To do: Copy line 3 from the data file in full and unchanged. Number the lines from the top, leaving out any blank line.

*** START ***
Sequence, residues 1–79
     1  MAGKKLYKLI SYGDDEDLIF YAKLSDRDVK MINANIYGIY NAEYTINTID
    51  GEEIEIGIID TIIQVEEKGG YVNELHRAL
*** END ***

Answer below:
    51  GEEIEIGIID TIIQVEEKGG YVNELHRAL